Newbigin: “It is often said that the Church ought to address itself to the real questions which people are asking. That is to misunderstand the mission of Jesus and the mission of the Church. The world’s questions are not the questions which lead to life. What really needs to be said is that where the Church is faithful to its Lord, there the powers of the kingdom are present and people begin to ask the question to which the gospel is the answer.”

Boyd: “But there is an alternative to this ceaseless, bloody, merry-go-round: it is the kingdom of God. To belong to this kingdom is to crucify the fleshly desire to live out of self-interest and tribal interest and to thus crucify the fallen impulse to protect these interests through violence…. It is, therefore, to opt out of the kingdom-of-the-world war machine and manifest a radically different, beautiful, loving way of life.”

Willard: “Nondiscipleship is the elephant in the church…. The fundamental negative reality among Christian believers now is their failure to be constantly learning how to live their lives in The Kingdom Among Us. And it is an accepted reality. The division of professing Christians into those for whom it is a matter of whole-life devotion to God and those who maintain a consumer relationship to the church has now been an accepted reality for over fifteen hundred years.”

Bonhoeffer: “No further content is possible because Jesus is the only content. There is no other content besides Jesus. He himself is it. Christ calls; the disciple follows. That is grace and commandment in one. Discipleship is commitment to Christ. Because Christ exists, he must be followed. Christianity without the living Jesus Christ remains necessarily a Christianity without discipleship; and a Christianity without discipleship is always a Christianity without Jesus Christ. It is an idea, a myth.”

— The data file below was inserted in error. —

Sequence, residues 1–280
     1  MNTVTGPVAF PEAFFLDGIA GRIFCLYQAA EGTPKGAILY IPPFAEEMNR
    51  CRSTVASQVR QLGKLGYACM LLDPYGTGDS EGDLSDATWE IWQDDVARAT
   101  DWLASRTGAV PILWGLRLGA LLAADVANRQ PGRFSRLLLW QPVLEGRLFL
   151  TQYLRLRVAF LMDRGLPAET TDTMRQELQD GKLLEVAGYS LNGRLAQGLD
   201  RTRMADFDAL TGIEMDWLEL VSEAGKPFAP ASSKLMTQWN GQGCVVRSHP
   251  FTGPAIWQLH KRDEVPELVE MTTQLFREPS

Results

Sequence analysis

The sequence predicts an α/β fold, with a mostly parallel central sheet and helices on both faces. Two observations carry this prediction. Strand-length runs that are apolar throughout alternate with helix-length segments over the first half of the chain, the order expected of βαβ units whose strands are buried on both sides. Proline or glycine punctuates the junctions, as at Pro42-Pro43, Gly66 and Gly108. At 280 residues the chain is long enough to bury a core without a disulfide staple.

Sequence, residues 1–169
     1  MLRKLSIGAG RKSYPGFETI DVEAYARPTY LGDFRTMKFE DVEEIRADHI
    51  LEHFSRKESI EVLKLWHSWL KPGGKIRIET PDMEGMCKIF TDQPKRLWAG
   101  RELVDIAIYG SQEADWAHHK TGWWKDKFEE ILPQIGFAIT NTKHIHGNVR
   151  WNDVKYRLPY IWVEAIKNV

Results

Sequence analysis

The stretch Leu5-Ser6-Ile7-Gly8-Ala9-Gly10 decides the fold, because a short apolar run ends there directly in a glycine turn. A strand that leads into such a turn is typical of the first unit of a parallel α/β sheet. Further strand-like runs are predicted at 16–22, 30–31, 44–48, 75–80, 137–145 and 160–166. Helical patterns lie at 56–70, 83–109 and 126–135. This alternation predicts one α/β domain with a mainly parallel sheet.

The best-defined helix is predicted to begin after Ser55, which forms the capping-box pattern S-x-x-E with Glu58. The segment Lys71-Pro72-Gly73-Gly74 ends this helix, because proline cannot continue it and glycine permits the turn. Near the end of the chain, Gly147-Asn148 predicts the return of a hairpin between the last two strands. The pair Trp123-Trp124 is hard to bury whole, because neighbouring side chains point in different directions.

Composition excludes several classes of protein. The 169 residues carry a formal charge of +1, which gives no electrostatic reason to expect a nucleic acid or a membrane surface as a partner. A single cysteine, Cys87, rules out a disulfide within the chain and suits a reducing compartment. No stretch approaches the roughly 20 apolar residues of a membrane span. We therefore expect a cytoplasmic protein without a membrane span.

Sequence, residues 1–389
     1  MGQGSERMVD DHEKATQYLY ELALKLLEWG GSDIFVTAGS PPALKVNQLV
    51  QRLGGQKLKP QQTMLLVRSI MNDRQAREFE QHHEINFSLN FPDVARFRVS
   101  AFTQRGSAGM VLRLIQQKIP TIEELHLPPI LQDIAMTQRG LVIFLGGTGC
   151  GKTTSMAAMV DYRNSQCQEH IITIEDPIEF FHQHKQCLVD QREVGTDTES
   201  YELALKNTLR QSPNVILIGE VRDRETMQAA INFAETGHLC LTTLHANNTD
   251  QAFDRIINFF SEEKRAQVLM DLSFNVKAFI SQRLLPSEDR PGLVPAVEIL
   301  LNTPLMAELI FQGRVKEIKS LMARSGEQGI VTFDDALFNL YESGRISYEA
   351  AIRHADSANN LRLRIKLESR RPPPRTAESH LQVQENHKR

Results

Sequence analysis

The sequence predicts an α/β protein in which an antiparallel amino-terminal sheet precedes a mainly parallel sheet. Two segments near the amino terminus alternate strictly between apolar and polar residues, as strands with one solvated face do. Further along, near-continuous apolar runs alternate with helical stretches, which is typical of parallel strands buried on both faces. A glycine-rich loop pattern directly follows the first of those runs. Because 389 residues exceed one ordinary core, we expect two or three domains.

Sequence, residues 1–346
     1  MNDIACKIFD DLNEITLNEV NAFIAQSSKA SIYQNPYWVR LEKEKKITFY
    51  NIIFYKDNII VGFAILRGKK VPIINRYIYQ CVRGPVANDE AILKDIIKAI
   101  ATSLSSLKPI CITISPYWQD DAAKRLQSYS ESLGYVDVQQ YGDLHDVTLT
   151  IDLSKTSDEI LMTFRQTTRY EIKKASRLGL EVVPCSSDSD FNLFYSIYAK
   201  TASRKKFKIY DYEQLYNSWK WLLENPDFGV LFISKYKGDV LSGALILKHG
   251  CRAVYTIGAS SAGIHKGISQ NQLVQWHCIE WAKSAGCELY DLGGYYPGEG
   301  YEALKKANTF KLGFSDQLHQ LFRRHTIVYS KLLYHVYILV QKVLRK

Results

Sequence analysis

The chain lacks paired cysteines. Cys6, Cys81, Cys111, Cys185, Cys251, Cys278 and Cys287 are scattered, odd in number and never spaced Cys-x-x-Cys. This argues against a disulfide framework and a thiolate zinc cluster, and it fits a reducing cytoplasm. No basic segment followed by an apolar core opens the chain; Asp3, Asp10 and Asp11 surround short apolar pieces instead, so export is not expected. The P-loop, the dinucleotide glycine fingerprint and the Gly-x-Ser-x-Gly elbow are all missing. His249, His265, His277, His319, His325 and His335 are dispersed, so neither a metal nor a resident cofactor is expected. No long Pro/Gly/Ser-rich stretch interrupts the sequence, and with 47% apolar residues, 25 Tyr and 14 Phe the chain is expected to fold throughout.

Yoder: “Jesus was not just a moralist whose teachings had some political implications; he was not primarily a teacher of spirituality whose public ministry unfortunately was seen in a political light; he was not just a sacrificial lamb preparing for his immolation, or a God-Man whose divine status calls us to disregard his humanity. Jesus was, in his divinely mandated prophethood, priesthood, and kingship, the bearer of a new possibility of human, social, and therefore political relationships.”

And here are quotes from two who made the original list but not the final copy:

William Willimon: “There is no way I can crank the gospel down to the level where any American can walk in off the street and know what it is all about in fifteen minutes. One can’t do that even with baseball! You have to learn the vocabulary, the rules, and the culture in order to understand it. Being in church is something at least as different as being in a baseball stadium…. The point is not to speak to the culture. The point is to change it. God’s appointed means of producing change is called ‘church’; and God’s typical way of producing church is called ‘preaching’.”

J.K.A. Smith: “An idea-centric or belief-centric approach will fail to see the pedagogy at work in the mall, and thus will also fail to articulate a critique and counter-pedagogy… We are the sorts of animals whose orientation to the world is shaped from the body up more than from the head down. Liturgies aim our love to different ends precisely by training our hearts through our bodies.”